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[305] Sherman's army, without delaying its march a single day. Sherman could thus have easily struck Hood south of the Tennessee before the latter could have made his preparations for crossing that river. Indeed, with Sherman marching in that direction, even so bold a man as Hood could hardly have been so reckless as to have crossed the Tennessee; and if he had, his destruction must have been sure. Hence the least result would have been simply to transfer the theater of operations from Georgia to Alabama, or perhaps to Mississippi, and greatly to shorten Sherman's line of supply. And what possible difference could it make in which part of the revolted States the theater of war might be, so long as the Confederate army, to destroy which was the only important object of a campaign, was there? To avoid a transfer of the battlefield from Georgia to Alabama or Mississippi, was it wise to run the risk of transferring it to Kentucky or Ohio? Perhaps no movement which could have been contemplated by the Confederate authorities would have been more greatly to Sherman's advantage over Hood than the one they adopted.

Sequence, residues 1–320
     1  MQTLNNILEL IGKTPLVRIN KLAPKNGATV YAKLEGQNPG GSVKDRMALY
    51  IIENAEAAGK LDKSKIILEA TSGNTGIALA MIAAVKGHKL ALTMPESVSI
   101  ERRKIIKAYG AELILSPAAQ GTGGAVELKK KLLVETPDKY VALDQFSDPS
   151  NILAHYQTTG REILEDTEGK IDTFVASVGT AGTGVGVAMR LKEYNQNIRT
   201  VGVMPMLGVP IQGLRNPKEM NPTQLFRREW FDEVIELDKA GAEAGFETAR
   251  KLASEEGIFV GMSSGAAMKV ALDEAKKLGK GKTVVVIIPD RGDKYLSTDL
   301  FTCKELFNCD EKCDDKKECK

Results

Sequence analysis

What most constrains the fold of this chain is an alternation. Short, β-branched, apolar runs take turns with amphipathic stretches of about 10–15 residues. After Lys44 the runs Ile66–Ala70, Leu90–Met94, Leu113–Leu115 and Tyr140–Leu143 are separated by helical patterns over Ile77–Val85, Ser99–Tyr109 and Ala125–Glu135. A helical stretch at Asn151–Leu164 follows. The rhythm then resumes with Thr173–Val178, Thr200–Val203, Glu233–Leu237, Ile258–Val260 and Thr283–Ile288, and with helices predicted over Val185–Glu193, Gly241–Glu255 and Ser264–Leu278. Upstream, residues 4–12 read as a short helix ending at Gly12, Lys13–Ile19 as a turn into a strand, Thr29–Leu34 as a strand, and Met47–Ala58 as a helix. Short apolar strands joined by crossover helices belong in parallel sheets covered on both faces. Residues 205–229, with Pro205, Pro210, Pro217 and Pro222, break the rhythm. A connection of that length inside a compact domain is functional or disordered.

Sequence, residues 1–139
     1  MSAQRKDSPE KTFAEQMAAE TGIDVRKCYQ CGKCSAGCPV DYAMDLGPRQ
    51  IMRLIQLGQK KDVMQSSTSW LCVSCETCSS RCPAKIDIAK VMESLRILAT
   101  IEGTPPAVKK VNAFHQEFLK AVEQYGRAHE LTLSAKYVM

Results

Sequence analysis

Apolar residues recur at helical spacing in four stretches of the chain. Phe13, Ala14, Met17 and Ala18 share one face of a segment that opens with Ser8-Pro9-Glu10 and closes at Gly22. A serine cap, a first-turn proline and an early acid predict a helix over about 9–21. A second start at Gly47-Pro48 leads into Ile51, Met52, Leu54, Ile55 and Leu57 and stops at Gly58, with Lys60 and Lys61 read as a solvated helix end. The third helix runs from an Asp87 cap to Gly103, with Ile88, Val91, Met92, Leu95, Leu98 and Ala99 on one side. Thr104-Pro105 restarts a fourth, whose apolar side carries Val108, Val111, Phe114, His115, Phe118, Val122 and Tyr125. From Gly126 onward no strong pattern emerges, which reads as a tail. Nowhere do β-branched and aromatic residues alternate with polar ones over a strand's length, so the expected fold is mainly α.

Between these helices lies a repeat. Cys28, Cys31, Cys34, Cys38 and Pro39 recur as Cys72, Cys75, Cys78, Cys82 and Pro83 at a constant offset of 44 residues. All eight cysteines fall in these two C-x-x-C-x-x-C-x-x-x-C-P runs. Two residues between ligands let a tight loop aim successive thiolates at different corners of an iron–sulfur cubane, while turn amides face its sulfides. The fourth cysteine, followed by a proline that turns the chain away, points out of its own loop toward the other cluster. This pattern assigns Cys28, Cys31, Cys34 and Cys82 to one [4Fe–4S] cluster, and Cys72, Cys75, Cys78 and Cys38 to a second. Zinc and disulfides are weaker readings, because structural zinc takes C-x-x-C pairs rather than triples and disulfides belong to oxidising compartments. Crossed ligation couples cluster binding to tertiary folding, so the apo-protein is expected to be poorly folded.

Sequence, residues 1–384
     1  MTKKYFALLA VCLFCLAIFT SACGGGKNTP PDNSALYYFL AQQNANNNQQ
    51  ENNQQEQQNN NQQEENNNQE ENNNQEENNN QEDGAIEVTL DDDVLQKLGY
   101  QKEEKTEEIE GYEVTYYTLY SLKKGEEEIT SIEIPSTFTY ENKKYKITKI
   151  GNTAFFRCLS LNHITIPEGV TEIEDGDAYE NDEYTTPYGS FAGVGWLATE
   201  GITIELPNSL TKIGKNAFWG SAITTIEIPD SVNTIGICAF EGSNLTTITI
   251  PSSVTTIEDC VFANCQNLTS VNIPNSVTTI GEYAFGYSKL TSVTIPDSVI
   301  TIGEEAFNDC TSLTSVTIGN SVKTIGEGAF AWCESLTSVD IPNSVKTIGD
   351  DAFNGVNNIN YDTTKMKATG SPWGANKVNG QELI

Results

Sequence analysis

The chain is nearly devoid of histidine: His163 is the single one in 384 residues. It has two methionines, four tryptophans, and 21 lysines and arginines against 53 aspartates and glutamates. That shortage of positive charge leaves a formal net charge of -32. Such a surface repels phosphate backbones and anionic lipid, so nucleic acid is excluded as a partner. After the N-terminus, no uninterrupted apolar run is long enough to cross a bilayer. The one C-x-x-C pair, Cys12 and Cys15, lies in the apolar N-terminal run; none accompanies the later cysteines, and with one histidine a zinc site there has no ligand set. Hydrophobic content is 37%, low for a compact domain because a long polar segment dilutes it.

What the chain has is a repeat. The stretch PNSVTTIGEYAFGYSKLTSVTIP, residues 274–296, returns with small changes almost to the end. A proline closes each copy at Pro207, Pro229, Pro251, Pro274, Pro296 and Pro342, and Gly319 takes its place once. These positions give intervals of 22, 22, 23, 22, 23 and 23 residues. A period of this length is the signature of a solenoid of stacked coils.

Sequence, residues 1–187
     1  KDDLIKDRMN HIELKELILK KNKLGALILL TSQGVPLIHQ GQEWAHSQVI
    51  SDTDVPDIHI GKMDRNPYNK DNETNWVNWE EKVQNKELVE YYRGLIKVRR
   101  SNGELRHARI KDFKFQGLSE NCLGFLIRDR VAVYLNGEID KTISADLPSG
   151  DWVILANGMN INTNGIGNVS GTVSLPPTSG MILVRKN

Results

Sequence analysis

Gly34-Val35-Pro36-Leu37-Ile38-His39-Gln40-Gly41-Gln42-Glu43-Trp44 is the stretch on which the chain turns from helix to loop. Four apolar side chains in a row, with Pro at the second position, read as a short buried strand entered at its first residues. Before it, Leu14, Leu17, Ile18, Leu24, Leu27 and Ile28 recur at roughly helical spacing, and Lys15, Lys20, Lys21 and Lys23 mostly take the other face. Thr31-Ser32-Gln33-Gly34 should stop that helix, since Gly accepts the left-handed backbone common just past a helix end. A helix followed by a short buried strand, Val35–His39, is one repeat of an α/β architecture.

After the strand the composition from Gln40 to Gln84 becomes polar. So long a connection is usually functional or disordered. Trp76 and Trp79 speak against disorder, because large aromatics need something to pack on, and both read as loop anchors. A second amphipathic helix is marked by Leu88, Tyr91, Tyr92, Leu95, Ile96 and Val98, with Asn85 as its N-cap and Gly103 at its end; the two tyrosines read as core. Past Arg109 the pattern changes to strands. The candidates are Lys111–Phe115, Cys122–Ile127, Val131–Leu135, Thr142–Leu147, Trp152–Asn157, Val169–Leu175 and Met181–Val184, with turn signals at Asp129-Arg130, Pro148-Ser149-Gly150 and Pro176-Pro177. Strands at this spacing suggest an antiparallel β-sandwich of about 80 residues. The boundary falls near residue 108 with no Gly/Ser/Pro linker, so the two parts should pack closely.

I cannot better show my own exact impression at the time respecting the operations of Sherman and Hood in 1864, than by an illustration that will be at once appreciated on every farm in America. When two fighting-cocks meet for the first time, battle is joined without delay, and is prosecuted with all possible vigor and skill. If the result is decisive the victor's triumph is loudly proclaimed, while the defeated combatant, with lowered crest, seeks safety in flight. If, on the contrary, the result is a drawn battle, the two antagonists, as if by common consent, slowly separate, carrying their heads high, and sharply watching each other. When distance has assured the close of that contest, they severally go to feeding, as if nothing unusual had happened, or else march off to seek some less formidable foe. Neither

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William T. Sherman (6)
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